Focus areas for SUSE
SUSE was the first Linux vendor that came into existence after Linus Torvalds announced the Linux kernel. The company is gradually evolving beyond its core Linux business and focus on emerging technologies. Under EQT, SUSE will be looking at investing in emerging technologies and emerging markets like containers, machine learning, IoT, serverless and so on.
“There’s so much dynamic innovation going on there right now that our focus needs to be making sure that we can enable our customers and our partners to experiment and innovate and develop all these new technologies on top of the SUSE platforms,” said Miller.
SUSE is not looking at survival; they are looking at expansion and growth. EQT will provide them with the steroid SUSE needs at the moment.
May benefit from Brexit and trade war
The acquisition of German SUSE by Swedish EQT from British Micro Focus may be good news for SUSE under the changing political landscape. After Brexit next year, things are going to get complicated for UK-based companies. And it would undoubtedly be even more complicated for SUSE which was founded in Germany as is based in Germany. EQT buyout can be seen as ‘Brexit’ for SUSE; they now don’t have to worry about all the complications UK-based companies are facing.
At the same time, the reckless trade-war triggered by US president Donald Trump is forcing organizations to reconsider how much they should rely on US-based companies. Being a pure European based company, EQT/SUSE may have better bargaining chips.
Miller said that we have to wait and see what shape would the trade war take. “I think we are well positioned now and will be, we’ll be even better positioned afterward to be a global business,” he said.
Can there ever be SUSE Inc.?
As someone who has been covering SUSE since Novell days, I always wanted SUSE to be an independent company like Red Hat or Microsoft.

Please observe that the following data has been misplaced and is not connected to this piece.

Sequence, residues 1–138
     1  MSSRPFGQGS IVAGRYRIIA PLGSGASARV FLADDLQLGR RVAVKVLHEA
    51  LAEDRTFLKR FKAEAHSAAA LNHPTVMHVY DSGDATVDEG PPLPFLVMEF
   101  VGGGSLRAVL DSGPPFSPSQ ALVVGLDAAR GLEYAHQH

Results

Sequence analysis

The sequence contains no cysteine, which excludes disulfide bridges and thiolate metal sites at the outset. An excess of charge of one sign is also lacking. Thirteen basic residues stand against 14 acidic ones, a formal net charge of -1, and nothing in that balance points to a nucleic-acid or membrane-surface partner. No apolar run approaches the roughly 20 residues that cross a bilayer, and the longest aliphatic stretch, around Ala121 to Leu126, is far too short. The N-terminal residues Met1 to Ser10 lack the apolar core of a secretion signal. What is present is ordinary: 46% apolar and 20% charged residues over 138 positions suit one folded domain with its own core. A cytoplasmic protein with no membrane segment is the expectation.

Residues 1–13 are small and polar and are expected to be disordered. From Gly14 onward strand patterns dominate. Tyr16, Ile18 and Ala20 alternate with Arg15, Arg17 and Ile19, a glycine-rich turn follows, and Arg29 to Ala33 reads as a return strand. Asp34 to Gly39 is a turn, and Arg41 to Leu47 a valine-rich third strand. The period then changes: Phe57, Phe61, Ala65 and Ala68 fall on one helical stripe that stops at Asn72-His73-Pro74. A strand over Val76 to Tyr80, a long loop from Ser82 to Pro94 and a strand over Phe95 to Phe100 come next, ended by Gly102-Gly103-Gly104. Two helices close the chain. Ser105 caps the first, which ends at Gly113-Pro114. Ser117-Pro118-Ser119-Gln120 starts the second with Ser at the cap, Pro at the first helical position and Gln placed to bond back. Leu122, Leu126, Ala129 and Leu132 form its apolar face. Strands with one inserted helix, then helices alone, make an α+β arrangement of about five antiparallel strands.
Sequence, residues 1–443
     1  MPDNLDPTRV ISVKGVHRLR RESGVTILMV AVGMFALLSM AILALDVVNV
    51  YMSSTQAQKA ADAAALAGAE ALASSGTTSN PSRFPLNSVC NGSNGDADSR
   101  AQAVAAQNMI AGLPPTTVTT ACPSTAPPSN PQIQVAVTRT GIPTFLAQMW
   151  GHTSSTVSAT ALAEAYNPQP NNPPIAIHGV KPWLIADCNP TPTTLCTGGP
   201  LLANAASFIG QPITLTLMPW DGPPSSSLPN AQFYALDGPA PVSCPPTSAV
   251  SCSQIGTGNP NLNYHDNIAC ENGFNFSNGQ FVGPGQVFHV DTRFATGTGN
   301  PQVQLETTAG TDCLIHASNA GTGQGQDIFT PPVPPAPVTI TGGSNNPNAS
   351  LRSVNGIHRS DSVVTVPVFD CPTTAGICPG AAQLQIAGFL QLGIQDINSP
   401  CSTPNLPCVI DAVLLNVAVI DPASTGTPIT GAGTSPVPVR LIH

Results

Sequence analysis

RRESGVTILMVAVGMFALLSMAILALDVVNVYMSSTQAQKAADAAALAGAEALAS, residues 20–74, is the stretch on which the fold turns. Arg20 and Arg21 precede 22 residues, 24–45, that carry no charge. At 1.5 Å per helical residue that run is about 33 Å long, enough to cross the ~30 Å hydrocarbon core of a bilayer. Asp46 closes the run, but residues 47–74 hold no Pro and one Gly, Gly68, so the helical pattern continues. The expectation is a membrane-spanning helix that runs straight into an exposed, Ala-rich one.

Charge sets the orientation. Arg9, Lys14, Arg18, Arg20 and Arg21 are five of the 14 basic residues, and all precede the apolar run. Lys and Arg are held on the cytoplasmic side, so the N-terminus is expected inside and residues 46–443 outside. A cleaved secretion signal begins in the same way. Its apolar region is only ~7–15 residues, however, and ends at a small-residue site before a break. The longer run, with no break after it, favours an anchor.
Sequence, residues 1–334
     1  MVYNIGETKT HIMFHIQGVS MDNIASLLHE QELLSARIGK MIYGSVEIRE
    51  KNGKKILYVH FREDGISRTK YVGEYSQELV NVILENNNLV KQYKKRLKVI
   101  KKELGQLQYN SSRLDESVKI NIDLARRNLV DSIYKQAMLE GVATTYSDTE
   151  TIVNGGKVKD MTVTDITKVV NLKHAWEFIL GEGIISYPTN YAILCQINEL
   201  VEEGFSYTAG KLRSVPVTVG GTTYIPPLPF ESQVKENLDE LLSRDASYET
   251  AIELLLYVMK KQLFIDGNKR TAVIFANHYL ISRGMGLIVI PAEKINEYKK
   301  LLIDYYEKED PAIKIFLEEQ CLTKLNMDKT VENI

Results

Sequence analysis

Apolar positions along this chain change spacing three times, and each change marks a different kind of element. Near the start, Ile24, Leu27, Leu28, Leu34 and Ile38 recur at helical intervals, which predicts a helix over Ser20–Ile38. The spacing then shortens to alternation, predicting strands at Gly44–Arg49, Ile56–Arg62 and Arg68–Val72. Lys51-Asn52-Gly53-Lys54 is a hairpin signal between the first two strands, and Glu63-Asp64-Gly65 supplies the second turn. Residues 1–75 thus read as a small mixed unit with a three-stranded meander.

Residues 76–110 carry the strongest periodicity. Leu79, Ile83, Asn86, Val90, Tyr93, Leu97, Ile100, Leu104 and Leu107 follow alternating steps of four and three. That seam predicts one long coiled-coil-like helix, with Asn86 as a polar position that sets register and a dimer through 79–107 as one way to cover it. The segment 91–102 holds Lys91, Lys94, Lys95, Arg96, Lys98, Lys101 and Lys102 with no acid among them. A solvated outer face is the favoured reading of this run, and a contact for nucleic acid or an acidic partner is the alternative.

“That’s an opportunity or an option that could have been pursued by the Micro Focus to spin off SUSE as an independent business. But EQT acquisition provided them with a better return on investment,” said Miller.
He felt that at the moment it’s good for SUSE to have a growth investor supporting the company as it rapidly builds and expands its business. But there are possibilities for SUSE to be an independent company, owned by itself.
“Over the next three to five years as we prepare ourselves for yet another transition to the next stage, I think we will be very well positioned to consider multiple options after we move through this next phase,” said Miller.
That said, under EQT, SUSE will run as an independent company; it’s no more yet another business unit of another software vendor. So, in one way SUSE is already inching towards its 4th of July.
What does it mean for openSUSE?
Nothing. Nothing will change for SUSE’s relationship with openSUSE or the open source community. Open Source is the heart and soul of companies like SUSE. In fact, Brauckmann called Richard Brown, the chairman of openSUSE board who was vacating in the UK, to deliver him the news early morning and reassure him that nothing will change. In a chat, Brown told me, “As a SUSE employee I’m excited about my employer’s new owners. As an openSUSE contributor, I’m not only excited but thrilled at the proactive steps SUSE has taken to reassure the community, which shows just how well SUSE understands how to operate as part of the open source world.”
I feel this is excellent news for SUSE, openSUSE and the open source community. With EQT acquisition, SUSE has gained a bit more independence. We all know that the market is driven by Open Source technologies and as much as we love to talk about emerging technologies, most of those are going to run on platforms offered by companies like SUSE. At the same time, SUSE itself is investing in emerging technologies. I wish SUSE was moving at a much faster rate than it’s doing now and also expand its US presence. EQT may do precisely that and provide SUSE with all the support it needs to emerge as that leader.
Good luck SUSE!